Advertisement

N.W.T. wildfires are forcing towns to empty. How do you evacuate a hospital?

Click to play video: '‘It was worse than we had expected’: West Kelowna fire chief on challenging fight'
‘It was worse than we had expected’: West Kelowna fire chief on challenging fight
West Kelowna Fire Rescue Service Chief Jason Brolund said Friday morning that it was a difficult night Thursday fighting the fires around Kelowna. He said it is going to get worse but people should be prepared to leave if they are asked to and firefighters are in it for the long haul. – Aug 18, 2023

By noon Friday, all Yellowknife residents should have fled the city to seek shelter away from the encroaching fires.

The evacuation order recommended people drive, but not everyone can.

The Stanton Territorial Hospital, the largest in the territory and centre of the acute care system, is in Yellowknife. It has 75 beds for services including surgery and cardiac care.

The city also has several long-term care facilities.

As of 6 p.m. ET Friday, an Alberta Health Services spokesperson said they’ve placed 48 N.W.T. residents in spaces throughout the province and are preparing to support 150 to 200 more.

They also said staff are preparing for 33 obstetrical and 19 dialysis patients.

Click to play video: 'NWT wildfires: Canadian Air Force evacuates 79 long-term care patients as Yellowknife empties'
NWT wildfires: Canadian Air Force evacuates 79 long-term care patients as Yellowknife empties

Evacuating a hospital or medical centre to keep patients safe from wildfires is a complex and potentially risky procedure, according to two people involved in past closures.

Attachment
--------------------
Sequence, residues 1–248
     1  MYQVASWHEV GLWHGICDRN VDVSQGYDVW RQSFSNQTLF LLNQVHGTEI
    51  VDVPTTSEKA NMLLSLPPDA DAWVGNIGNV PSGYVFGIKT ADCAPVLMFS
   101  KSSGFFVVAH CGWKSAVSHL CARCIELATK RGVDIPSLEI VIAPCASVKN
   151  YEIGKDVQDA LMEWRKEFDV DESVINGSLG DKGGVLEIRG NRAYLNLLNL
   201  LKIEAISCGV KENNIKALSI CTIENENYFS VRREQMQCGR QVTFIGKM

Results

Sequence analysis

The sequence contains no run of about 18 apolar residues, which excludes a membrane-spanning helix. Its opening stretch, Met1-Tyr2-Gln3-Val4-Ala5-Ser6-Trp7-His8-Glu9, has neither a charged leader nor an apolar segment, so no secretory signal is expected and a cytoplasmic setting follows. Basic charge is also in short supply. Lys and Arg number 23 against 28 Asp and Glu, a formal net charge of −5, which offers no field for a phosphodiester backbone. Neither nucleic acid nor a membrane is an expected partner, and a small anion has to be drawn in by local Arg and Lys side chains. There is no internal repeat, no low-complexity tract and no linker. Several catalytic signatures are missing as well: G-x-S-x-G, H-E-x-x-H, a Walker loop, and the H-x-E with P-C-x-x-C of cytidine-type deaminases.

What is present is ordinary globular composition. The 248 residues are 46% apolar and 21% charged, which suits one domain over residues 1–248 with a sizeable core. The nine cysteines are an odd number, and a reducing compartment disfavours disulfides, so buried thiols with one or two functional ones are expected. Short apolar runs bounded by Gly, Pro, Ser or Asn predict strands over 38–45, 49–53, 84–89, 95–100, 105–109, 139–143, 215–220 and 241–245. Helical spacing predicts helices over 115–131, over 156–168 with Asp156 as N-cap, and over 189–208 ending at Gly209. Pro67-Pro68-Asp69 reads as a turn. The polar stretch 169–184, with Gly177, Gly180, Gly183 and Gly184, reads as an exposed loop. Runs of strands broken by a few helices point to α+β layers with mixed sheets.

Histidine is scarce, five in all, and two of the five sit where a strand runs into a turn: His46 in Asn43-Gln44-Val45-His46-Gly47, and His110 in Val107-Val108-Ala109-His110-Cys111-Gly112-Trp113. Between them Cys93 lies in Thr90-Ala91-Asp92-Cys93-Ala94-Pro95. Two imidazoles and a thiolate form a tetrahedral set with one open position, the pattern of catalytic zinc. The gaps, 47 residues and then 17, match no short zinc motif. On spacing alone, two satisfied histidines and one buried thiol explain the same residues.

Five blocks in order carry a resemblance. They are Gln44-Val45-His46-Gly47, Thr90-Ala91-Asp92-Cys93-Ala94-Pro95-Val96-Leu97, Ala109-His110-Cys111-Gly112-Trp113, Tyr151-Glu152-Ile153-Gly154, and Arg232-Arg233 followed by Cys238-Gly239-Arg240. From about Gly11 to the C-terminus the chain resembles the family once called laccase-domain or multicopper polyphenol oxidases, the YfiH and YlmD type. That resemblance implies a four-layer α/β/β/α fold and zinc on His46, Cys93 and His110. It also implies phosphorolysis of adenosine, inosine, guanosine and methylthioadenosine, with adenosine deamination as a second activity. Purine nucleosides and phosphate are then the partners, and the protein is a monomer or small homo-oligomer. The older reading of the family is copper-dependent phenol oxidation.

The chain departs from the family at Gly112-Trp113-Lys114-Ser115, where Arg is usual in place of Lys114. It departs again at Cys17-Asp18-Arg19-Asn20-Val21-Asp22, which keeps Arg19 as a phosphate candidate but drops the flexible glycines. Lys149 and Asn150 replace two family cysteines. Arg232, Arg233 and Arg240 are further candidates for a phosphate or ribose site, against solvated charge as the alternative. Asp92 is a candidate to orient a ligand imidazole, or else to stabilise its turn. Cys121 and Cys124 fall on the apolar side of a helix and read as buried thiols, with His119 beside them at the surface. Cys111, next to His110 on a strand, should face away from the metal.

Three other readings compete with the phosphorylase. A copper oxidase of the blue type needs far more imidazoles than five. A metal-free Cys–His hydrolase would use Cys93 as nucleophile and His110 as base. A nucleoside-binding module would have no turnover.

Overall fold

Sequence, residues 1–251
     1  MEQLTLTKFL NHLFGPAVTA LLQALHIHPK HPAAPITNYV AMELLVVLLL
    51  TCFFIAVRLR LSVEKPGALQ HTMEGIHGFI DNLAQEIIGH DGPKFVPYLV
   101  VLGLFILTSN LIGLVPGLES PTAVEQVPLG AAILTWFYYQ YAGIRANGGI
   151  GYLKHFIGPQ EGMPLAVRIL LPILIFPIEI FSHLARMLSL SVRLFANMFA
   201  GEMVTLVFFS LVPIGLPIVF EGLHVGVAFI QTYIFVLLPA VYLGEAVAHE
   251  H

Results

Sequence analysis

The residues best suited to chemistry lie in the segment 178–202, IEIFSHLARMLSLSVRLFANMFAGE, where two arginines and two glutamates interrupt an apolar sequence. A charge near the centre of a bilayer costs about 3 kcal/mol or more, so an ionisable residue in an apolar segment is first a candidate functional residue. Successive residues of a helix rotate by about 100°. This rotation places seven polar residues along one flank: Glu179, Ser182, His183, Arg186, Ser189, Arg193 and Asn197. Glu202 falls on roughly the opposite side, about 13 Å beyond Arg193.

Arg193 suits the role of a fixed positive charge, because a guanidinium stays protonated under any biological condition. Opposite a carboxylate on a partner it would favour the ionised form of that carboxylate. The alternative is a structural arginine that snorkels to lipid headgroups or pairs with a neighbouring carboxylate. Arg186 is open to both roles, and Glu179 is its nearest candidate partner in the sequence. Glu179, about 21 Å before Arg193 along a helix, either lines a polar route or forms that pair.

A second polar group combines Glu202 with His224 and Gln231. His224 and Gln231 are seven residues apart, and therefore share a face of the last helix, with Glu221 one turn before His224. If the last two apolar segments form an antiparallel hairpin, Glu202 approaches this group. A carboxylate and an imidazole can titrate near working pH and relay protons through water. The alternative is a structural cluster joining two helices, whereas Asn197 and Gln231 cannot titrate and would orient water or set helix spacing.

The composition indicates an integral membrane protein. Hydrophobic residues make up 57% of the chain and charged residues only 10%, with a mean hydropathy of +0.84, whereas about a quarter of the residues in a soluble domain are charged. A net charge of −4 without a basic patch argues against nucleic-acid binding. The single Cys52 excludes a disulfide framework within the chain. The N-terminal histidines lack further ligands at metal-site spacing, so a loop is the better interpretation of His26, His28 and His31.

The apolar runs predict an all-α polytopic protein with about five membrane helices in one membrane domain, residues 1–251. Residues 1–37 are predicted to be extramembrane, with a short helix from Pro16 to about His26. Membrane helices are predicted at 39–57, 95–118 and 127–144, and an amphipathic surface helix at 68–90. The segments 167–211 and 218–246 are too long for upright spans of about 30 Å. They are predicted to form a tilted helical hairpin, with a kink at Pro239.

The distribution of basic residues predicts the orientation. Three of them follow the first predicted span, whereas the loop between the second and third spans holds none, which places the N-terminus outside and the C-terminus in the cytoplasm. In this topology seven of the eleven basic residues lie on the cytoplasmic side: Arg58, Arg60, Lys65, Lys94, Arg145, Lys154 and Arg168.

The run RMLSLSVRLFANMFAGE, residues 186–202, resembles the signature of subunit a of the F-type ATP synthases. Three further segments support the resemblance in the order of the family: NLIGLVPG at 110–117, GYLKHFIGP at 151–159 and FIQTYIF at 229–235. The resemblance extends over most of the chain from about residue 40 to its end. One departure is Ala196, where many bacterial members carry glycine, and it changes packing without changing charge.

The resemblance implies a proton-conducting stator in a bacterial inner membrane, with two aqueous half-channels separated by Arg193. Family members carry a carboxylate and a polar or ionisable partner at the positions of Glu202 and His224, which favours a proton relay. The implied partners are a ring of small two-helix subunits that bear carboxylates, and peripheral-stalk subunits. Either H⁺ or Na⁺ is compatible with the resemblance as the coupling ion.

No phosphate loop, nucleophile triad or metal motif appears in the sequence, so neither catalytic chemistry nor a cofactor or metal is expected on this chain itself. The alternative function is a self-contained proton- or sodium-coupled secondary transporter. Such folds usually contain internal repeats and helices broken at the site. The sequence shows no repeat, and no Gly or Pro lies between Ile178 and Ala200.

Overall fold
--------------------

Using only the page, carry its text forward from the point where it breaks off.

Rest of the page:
Story continues below advertisement

They said it involves planning, practice and adaptability.

Last May, approaching wildfires forced the Nova Scotia Health Authority to evacuate the Roseway Hospital in Shelburne, in the south of the province.

Tanya Nixon, the health authority’s vice-president for operations in the western zone, said staff moved patients with complex needs before the others.

“We ensured that their care plans were kept as up to date as possible and any type of special equipment or care needs that they may have were at the forefront in the event that we did have to evacuate,” she said in a telephone interview.

“Folks that could go home with support and were ready to go home,” she added, “were supported to go home.”

Get the latest Health IQ news. Sent to your email, every week.

Nixon said most patients from the 22 acute medicine beds and emergency department were transported to Fisherman’s Memorial Hospital, about an hour away in Lunenberg, N.S.

Those who could sit for short distances were taken in buses, she said, while others who required stretchers were transported via ambulance.

“We took single rooms and turned them into double rooms and moved patients into rooms that were vacant so they could be settled,” Nixon said.

She said staff drew on plans and had practiced the evacuation many times before the fire forced them to leave.

Story continues below advertisement